Field Notes

Wildflowers and Sweet Silence on the Weldon Wagon Trail

A hidden Gorge hike near Husum offers rare blooms, valley views, and solitude.

By Benjamin Tepler April 23, 2019 Published in the May 2019 issue of Portland Monthly

If you’re a wildflower junkie, odds are you’ve already seen the displays at Catherine Creek and Dog Mountain, well-worn Gorge trails that reliably light up like the International Rose Test Garden every spring. To beat the crowds, head instead toward the quiet town of Husum, just north of White Salmon on the Washington side of the Columbia River Gorge. One mile up the road from Husum’s two main river outfitters, find the Weldon Wagon Trail, a meandering hillside climb shaded in gnarled stands of Oregon white oak, with stellar views south to the White Salmon Valley and across the Columbia to stately Mount Hood.

From the trailhead, walk less than a quarter-mile on an old 4x4 road to a Weldon Wagon Trail signpost that points you toward winding vine maples and oak woodlands. A few stretches of very wide trail speak to its history as an actual wagon road, built in the 1900s by Elwin Weldon and Henry Hyndman to ferry produce from upper White Salmon River farmlands down to market in Husum. Roughly a half-mile in, snag your first view of the expansive valley south as wildflowers start to peek through the thinning forest.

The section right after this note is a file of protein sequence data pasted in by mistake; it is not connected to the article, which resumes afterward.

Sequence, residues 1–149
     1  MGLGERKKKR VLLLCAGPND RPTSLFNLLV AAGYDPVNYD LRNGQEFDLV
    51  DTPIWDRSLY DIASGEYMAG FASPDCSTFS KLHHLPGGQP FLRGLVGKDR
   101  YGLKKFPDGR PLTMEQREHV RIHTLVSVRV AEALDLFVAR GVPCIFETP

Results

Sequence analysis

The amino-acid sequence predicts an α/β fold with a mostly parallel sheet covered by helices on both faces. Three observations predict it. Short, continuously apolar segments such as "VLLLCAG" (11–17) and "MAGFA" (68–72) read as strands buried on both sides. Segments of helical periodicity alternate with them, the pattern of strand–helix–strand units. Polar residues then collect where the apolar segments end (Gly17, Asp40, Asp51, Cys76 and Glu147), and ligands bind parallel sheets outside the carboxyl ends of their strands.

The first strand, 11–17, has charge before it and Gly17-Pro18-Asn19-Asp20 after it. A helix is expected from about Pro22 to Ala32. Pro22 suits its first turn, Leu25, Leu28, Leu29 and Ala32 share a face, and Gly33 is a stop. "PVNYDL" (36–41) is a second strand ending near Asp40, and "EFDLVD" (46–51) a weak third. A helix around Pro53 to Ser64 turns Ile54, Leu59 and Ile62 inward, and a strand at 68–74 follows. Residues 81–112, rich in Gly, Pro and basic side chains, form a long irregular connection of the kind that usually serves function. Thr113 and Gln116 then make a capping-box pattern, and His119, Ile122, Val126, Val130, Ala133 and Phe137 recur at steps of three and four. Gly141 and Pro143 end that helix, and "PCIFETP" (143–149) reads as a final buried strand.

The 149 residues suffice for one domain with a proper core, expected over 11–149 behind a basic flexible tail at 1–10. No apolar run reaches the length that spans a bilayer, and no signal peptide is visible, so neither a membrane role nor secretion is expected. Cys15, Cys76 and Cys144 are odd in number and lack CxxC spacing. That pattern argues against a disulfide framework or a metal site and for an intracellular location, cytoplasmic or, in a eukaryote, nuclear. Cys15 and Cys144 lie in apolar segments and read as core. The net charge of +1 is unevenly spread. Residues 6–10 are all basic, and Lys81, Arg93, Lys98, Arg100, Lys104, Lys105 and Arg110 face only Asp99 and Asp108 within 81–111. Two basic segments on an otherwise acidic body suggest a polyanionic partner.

Weldon Wagon Trail is home to the usual springtime blooms: flamboyant lupin, sunny balsamroot, delicate white prairie star, and aptly named bluebells. But it also boasts a few rare varieties of showy, tight-clustered desert parsley, including one known as Suksdorf’s desert parsley—a stamen-happy bundle of yellow and green.

Continue your uphill trek 1.5 miles through undulating hillside meadows to a sign designating the White Salmon Oak Natural Conservation Area—551 acres
devoted to Oregon white oak, a deciduous tree that’s rare this far north (it’s abundant along the Deschutes) and home to pileated woodpeckers, black-tailed deer, and wild turkeys. This is the spot to whip out your camera: Mount Hood looms in the distance while the valley, blanketed in gold, unfolds below. Turn around here or continue one more mile through a dense wooded area, skirting private land to the trail’s terminus at Sandborn Road.


Post-hike, pull up a stool at White Salmon’s airy Le Doubblé Troubblé Wine Co, where you can recover from your ramble accompanied by chatty locals who crowd in for sips of the house’s dry, refined gewürztraminer and unexpectedly heady pinots.

Drive Time: 1 hour 30 minutes
Distance: 3–5 miles round-trip
Difficulty: Moderate 
Peak Season: Late April to mid-May

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